An interdisciplinary team of University of Pennsylvania (Penn) researchers has used a carefully designed algorithm to discover potentially thousands of antimicrobial peptides (AMPs) concealed within the human proteome. In vivo experiments showed that some of the lead “encrypted peptide antibiotics” demonstrated synergistic antimicrobial activity, and could target infections in rodent models.

“The human body is a treasure trove of information, a biological dataset,” said César de la Fuente, PhD, presidential assistant professor in bioengineering, microbiology, psychiatry, and chemical and biomolecular engineering, spanning both Penn Engineering and Penn Medicine. “By using the right tools, we can mine for answers to some of the most challenging questions … In this study, we applied a new way of using AI for antibiotic discovery in previously unrecognized places. What better place to start than by exploring our very own biological information, the collection of genes and proteins that make us who we are.”

de la Fuente, together with colleagues including postdocs Marcelo Torres, PhD, and Marcelo Melo, PhD, and collaborators Orlando Crescenzi, PhD, and Eugenio Notomista, PhD, of the University of Naples Federico II, reported on their research in Nature Biomedical Engineering, in a paper titled, “Mining for encrypted peptide antibiotics in the human proteome.”

CDC figures suggest that in 2019 there were 2.8 million antibiotic-resistant infections in the United States, leading to approximately 35,000 deaths, the authors noted. “Such untreatable infections are projected to reach 10 million people per year worldwide, becoming the leading cause of death in our society.” It’s a sobering scenario, especially given what the researchers refer to as a “lack of innovation in antibiotic discovery.” Most antibiotics available today have been used for more than 30 years, many have unintended side effects, and are losing effectiveness in the face of antibiotic resistance, the team pointed out. “Thus there is an urgent need to discover new antimicrobial agents to target drug-resistant infections.”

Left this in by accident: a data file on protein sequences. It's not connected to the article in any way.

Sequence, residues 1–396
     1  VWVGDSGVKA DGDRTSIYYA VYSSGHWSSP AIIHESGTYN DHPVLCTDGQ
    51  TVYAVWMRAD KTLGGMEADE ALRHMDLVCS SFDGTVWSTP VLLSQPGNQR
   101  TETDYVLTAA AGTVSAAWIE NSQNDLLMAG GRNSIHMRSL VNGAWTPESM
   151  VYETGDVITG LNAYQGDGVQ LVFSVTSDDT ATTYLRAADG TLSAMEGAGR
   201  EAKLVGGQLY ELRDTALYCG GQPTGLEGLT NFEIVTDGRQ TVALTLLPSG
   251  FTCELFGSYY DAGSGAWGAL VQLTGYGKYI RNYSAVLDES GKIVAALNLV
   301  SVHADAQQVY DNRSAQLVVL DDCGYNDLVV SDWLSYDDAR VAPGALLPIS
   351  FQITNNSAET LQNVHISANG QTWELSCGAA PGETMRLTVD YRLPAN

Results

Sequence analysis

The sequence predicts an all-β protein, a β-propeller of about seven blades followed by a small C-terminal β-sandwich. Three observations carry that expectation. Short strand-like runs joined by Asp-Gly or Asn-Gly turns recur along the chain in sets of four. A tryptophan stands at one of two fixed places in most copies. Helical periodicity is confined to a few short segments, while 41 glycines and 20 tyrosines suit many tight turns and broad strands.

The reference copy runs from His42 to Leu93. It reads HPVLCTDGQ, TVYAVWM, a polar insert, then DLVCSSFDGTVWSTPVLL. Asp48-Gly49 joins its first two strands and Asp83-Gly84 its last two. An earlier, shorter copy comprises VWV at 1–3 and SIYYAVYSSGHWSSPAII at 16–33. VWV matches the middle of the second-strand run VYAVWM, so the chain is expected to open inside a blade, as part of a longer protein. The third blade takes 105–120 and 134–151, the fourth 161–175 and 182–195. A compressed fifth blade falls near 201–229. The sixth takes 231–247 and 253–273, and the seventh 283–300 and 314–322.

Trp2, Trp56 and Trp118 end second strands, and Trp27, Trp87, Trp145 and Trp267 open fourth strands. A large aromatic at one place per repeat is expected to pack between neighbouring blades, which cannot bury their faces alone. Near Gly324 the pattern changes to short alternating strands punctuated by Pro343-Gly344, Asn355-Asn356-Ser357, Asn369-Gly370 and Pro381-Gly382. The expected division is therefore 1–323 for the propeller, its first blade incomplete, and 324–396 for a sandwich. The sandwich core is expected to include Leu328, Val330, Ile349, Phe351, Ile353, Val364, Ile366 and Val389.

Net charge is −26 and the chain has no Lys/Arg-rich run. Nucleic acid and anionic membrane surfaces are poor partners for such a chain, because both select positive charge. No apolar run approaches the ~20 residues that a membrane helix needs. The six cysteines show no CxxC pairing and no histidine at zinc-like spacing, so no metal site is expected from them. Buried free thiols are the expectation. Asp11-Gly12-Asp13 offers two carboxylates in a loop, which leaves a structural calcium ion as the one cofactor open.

Antimicrobial peptides are small, naturally occurring molecules, produced by almost every living organism. Because of their ability to defend the body from infection, identifying new AMPs has been an active area of research, but traditional search methods, mostly based on chemical intuition and experimentation, have limited the discovery of peptide antibiotics beyond conventional AMPs.

Computational approaches could represent a promising approach to AMP design, and while the application of such methods for antibiotic discovery is still in its infancy, the researchers pointed out, “the computer-aided design of antimicrobial peptides (AMPs) has surged as a promising source of new bioactive compounds, which could provide alternatives to conventional antibiotics.”

The investigators’ approach to identifying new AMPs focused on the physicochemical characteristics that all AMPs have in common: they are 8 to 50 amino acids in length, positively charged, and possess both hydrophobic and hydrophilic parts. With these features set as requisite, the team could then generate a search function to identify peptides with antimicrobial properties, in genomes and proteomes.

“Imagine you want to find a specific word in a huge Word document such as an encyclopedia, said de la Fuente. “You would simply use the search function, set the parameters for the text you are looking for, and the algorithm would rapidly highlight all of the areas in the document that match. That’s essentially the approach we took when searching for new antibiotics. We knew the sort of molecules we were looking for and utilized the algorithm to act like a search function to find them throughout the human body.”

Through its search of the proteome—the complete set of proteins in the body—the algorithm returned 43,000 peptides of 8 to 50 amino acids in length, many of which were found in a region of the proteome unrelated to the immune system. This set of potential antimicrobials was then filtered to 2,603 encrypted peptides based on their fitness function inclusive of all the parameters. “We use the word ‘encrypted’ to describe the antimicrobial peptides we found because they are hidden within larger proteins that seem to have no connection to the immune system, the area where we expect to find this function,” de la Fuente commented.